Next entity we will define is a concept of Catalog, we can create catalog – which is basically a git repository (can be GitHub or Azure DevOps) that contains the curated Infrastructure as code templates (ARM templates or biceps). I have created the following GitHub repository (following the sample from Microsoft Learn), this repository contains many curated templates, and each folder must contain a manifest.yaml file, here’s an example:

name: WebApp
version: 1.0.0
summary: Azure PaaS stack with App service
description: Deploys an Azure Web App 
runner: ARM
templatePath: azuredeploy.json

We need to link this repository into the Dev Center, and here’s the Bicep code that does that. Remember to create a PAT token for your GitHub repo and configure that PAT into the Key vault we created earlier.

resource funcAppCatalog 'Microsoft.DevCenter/devcenters/catalogs@2022-09-01-preview' = {
  parent: devCenter
  name: 'Xeniel-FunctionApp'
  properties: {
    gitHub: {
      uri: 'https://github.com/MoimHossain/az-deployment-environment-catalogs.git'
      branch: 'main'
      secretIdentifier: 'https://${keyvaultName}.vault.azure.net/secrets/GITHUBPAT'
      path: 'Environments' // folder in the git repo
    }
  }
}

This gives us a Catalog into the Dev Center:

We can also check the catalog items (the templates in each folder with manifest files in git repository) from Azure CLI:

Creating a Demo Project

Now we can create a “Project” in Dev Center, typically this represents a workload in the company.

resource demoProject 'Microsoft.DevCenter/projects@2022-09-01-preview' = {
  name: project_name
  location: location
  tags: {
    Production: 'NO'
    Purpose: 'Demo'
  }
  properties: {
    devCenterId: devCenter.id
  }
}

Now we can enable the environment types (that we created earlier in Dev Center) into the project:

resource demoProjectEnv_Acceptance 'Microsoft.DevCenter/projects/environmentTypes@2022-09-01-preview' = {
  parent: demoProject
  name: 'Acceptance'
  identity: {
    type: 'SystemAssigned'
  }
  properties: {
    creatorRoleAssignment: {
      roles: {
        '${ devCenter.identity.principalId}': {
        }
      }
    }
  }
}

Which shows the environment types (we created earlier) shown up in the newly created project:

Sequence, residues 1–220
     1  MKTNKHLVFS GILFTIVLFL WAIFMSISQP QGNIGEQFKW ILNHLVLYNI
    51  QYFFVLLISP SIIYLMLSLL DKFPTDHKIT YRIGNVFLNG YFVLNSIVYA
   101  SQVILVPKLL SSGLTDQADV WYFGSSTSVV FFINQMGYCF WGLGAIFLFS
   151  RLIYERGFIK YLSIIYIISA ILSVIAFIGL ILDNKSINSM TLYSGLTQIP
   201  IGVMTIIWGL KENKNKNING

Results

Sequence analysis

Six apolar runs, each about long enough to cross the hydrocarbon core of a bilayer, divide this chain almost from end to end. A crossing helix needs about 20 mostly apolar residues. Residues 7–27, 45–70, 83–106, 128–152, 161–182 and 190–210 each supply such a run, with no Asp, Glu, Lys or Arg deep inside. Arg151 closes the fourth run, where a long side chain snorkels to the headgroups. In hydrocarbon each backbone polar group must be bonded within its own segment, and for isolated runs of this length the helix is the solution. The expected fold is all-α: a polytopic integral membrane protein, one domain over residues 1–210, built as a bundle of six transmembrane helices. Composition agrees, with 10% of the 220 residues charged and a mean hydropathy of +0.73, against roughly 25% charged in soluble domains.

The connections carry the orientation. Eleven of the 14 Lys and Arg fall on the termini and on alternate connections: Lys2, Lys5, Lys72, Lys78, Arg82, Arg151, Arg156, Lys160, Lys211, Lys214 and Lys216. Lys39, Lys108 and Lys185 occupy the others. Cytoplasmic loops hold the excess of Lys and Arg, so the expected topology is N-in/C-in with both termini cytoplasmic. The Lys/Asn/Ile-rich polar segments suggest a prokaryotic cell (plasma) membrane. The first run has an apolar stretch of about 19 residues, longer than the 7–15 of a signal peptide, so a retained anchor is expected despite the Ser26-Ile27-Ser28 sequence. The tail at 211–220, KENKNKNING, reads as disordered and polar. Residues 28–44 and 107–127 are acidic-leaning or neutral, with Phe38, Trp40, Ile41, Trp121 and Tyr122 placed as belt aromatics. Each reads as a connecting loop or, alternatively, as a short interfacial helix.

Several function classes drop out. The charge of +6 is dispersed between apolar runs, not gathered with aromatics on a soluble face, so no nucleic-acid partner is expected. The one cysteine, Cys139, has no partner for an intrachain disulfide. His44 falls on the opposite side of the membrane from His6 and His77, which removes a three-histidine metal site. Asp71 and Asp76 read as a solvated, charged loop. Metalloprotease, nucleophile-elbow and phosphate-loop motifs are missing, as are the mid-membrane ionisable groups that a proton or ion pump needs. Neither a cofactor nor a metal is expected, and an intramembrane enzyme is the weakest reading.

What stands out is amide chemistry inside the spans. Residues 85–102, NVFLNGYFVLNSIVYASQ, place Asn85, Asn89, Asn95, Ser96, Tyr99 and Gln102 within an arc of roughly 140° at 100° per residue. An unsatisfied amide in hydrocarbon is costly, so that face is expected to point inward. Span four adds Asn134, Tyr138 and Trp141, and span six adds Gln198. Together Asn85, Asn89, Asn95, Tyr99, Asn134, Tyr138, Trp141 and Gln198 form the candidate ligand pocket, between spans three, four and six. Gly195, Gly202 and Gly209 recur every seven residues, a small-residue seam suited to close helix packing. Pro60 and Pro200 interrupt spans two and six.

We need to repeat the process for the Production and Sandbox environment as well. I am skipping that part here.

Creating Environment

Here comes the moment of truth, we will be creating an environment (can be Sandbox, Acceptance or Production- with the project context) using our catalog items (curated templates). Currently we can only do that using Azure CLI

az devcenter dev environment create --catalog-item-name "FunctionApp" --catalog-name "Xeniel-FunctionApp" --environment-type "Sandbox" --dev-center-name "Xeniel-DevCenter" --name "MoimEnv" --project-name "Demo-Project" --user-id "015f84bd-2d24-43d8-a03a-32349d1e2148"

Voila! We can see that the environment is provisioned, using the templates we defined (as platform team) in Catalog repository.

Sure enough, we can navigate to the corresponding resource group and find all the resources provisioned as expected. We can now assign Development Managers (read here) and Developers/Engineers (read here) appropriate roles to these environments.

Dev Box Pool

Icing on the cake, we can also define Dev Box pool in Dev Center, that allows us creating Dev Box (developer workstation in the cloud) instance to work in this project.

Microsoft Dev Box gives you self-service access to high-performance, preconfigured, and ready-to-code cloud-based workstations called dev boxes. You can set up dev boxes with the tools, source code, and pre-built binaries specific to your project, so you can immediately start work. Whether you’re a developer, tester, or QA professional, you can use dev boxes in your day-to-day workflows.

resource projects_Demo_Project_name_DemoProject_DevBoxPool 'Microsoft.DevCenter/projects/pools@2022-09-01-preview' = {
  parent: projects_Demo_Project_name_resource
  name: 'DemoProject-DevBoxPool'
  location: 'westeurope'
  properties: {
    devBoxDefinitionName: 'Xeniel-Workstation'
    networkConnectionName: 'xeniel-vnet-core-connection'
    licenseType: 'Windows_Client'
    localAdministrator: 'Enabled'
  }
}

This creates a DevBox image based on Windows 11.

Which allows engineers to create workspace in the cloud, ready to roll.

Conclusion

It’s relatively new development at this point. I am sure, in coming future when it becomes Generally Available, will open up a great new way to provide governance across large product engineering teams. If CCoE (Cloud Center of Excellence) or Cloud Governance is your area of interest, keep an eye on it!

Thanks for reading.